Waste water pollution at Sarrault Petit-Bourg

In Guadeloupe, for several months, see years, many treatment plants (micro, small or large) are dysfunctional or broken down. They are stopped or only work a few days a month. Wastewater (i.e., sewer, rainwater) is rejected without treatment at the coast. These discharges can cause pollution , threshold violation can occur for several days.

Coastal waters represent amounts of shallow water that can dilute physical pollution (temperature, particles), chemical (detergent, antibiotic) and biological (organic matter, bacteria) using sea currents and waves motion. The lack of high tides in the Lesser Antilles limits the ability of coastal areas to buffers discards.

Pollution causes a decrease in amount of dissolved oxygen with eutrophication, especially during warm periods (February-August). Without oxygen fish and seagrass die asphyxiated and organic matter that is to say, leaves, dead wood, algae, faecal matter will decompose following anaerobic pathways producing gases such as methane ( CH4), ammonia (NH3), hydrogen sulphide (H2S) or mercaptan with effects on human health and environment.
Methane is a greenhouse gas 25 times more stable than carbon dioxide (CO2) and hydrogen sulphide causes respiratory and sensory disorders (loss of smell) or death in case of high exposure. Probable deaths are reported for concentrations greater than 500 ppm for an exposure of few minutes or heart problems with a daily exposure of around 0.05 ppm.

The case of the station of Sarrault Place at down-town Petit-Bourg (see map) is worrying because its failure is associated with sargassum arrivals, presence of effluents from a second waste water treatment plant malfunctioning (from Ravine Onze Heure), presence of mangrove areas concentrating organic matter and presence of many seagrass beds that lose their leaves with each big swell.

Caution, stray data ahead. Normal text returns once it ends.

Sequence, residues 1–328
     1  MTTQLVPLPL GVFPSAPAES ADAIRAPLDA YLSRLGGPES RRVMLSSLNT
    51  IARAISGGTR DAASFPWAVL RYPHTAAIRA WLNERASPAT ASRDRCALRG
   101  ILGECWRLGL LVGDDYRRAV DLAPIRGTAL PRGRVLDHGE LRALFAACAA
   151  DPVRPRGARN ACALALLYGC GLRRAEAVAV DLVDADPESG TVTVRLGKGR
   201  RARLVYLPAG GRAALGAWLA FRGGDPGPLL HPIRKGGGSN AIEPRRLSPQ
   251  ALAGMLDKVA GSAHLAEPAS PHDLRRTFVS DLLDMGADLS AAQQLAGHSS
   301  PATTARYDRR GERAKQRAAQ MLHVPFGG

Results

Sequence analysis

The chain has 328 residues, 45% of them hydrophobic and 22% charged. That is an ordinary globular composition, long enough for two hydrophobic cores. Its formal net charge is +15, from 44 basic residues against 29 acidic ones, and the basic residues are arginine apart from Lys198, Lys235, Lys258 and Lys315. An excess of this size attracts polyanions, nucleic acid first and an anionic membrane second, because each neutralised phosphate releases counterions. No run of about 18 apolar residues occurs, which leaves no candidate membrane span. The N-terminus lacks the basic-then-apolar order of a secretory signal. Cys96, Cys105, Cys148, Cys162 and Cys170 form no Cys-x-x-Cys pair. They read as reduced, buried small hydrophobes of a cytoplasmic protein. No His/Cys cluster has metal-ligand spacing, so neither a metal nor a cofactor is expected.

At Petit-Bourg down town , effects of the wastewater treatment plant are mainly olfactory with the smell of wastewater associated with the accelerated decomposition of sargassum blocked and shredded by waves on the coast, in shallow areas.

Gas rates such as ammonia and hydrogen sulphide are fluctuating due to instability of the wind at the coast and seawater and effluent temperatures. They often exceed the limits used by labour law to define safe spaces.

Other effects are related to water quality and the presence of bacteria and toxins. Sargassum raft are autonomous ecosystems around which many species of fish proliferate attracting amateur fishermen directly into the effluent plume. The method of cooking fish in the West Indies generally at high temperature (i.e., frying, grilling, broth) limits the risk of intoxication but does not cancel it.

It is to be hoped that measures will be taken to maintain essential environmental equipment and to ensure public health. Or at least inform the people, about risks and behaviours to hold and if needs ban angling in that area.

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